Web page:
When there’s no wiggle room in your budget and these things happen, it creates stress. And since mistakes like these happen quite frequently, they can create a constant stream of stress that starts to seep into other areas of the relationship.
It’s for this reason that you should not only expect the unexpected, but proactively plan for it.
That’s why I love the idea of creating a budget category that covers you for these mistakes. The folks over at YNAB call this the “Stuff I Forgot” budgeting category, and I think that perfectly encapsulates what you’re looking to do here.
#4 — Minimize Decisions
In psychology, it’s well documented that our ability to make good decisions deteriorates as the number of decisions we have to make increases. This principle is known as decision fatigue.
When it comes to our finances, we make hundreds of decisions every month that impact our budget — from the small stuff like what to order for lunch to bigger things like how much of our income to set aside for saving and investment.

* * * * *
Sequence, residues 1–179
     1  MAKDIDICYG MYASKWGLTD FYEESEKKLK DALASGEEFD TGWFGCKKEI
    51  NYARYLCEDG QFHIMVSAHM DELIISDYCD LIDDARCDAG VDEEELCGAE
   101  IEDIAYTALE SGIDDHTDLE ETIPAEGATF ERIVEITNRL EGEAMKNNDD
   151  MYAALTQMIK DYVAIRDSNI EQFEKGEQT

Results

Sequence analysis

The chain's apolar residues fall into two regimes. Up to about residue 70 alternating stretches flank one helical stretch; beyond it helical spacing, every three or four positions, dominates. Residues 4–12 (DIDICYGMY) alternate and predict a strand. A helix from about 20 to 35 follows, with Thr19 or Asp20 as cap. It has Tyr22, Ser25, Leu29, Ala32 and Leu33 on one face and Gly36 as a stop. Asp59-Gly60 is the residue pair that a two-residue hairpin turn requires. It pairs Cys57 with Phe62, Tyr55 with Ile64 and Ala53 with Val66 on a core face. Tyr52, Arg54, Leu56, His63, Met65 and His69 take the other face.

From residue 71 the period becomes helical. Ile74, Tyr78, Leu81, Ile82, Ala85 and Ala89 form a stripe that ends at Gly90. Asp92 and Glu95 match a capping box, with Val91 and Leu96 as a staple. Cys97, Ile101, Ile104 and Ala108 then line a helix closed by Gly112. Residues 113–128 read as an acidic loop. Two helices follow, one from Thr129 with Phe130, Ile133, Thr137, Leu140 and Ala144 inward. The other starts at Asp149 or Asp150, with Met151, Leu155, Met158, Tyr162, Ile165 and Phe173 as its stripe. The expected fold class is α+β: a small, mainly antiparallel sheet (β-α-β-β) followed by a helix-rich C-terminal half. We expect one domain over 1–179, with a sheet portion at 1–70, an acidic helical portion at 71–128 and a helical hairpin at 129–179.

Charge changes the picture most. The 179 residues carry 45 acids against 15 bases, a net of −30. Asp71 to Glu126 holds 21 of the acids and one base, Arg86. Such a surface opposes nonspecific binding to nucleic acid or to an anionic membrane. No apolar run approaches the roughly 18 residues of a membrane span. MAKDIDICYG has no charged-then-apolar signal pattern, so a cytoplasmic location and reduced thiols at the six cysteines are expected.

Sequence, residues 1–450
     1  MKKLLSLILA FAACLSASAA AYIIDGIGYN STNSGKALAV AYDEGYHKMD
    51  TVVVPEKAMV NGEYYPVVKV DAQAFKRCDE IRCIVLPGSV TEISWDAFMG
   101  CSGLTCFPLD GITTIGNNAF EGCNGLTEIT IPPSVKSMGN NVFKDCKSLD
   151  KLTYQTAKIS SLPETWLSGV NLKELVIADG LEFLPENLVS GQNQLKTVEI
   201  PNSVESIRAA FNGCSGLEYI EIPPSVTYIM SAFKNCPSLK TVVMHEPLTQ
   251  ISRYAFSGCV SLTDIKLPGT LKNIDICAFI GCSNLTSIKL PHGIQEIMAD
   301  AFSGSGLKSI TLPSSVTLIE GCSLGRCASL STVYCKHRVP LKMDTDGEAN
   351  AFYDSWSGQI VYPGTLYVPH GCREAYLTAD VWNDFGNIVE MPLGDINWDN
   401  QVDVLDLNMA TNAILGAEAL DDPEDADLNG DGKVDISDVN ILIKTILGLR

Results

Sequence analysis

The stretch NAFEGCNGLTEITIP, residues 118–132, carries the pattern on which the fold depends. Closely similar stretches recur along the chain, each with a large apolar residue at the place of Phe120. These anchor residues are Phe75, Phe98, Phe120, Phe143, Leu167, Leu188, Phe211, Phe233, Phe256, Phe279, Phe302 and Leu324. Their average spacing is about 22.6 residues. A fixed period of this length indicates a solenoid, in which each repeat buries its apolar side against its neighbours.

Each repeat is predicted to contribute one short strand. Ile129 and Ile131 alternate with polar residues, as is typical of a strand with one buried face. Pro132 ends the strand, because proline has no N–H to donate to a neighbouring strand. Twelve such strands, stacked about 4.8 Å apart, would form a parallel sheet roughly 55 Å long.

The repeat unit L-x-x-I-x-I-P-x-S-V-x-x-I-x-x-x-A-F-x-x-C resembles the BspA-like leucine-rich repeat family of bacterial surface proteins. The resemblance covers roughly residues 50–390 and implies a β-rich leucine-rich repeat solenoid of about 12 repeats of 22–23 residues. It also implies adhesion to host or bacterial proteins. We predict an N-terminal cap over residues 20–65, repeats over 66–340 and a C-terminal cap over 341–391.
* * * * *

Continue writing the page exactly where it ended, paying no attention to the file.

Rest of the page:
It’s impossible to get every one of these hundreds of decisions right.
What we can do is choose which ones to focus on; to zero in on the handful of vital decisions that matter the most. This helps you achieve meaningful goals while also avoiding the petty arguments that tend to make a mountain out of a molehill.
When we first started budgeting, we leaned on the traditional method: these are the budgeting categories and this is how much we can spend in each category. Today, our system is a lot simpler. Our goal is to save a certain percentage of our income (i.e., we’re paying ourselves first), and we don’t worry so much about what we spend in each category.
It did take us a while to get to that point. And looking back, the traditional method of budgeting allowed us to build good habits and get on the same page about what we should and shouldn’t be spending our money on (remember, budgeting is a skill). Today, we make significantly fewer decisions. And this, in turn, makes managing our finances a lot easier.
#5 — Have a Monthly Financial Meeting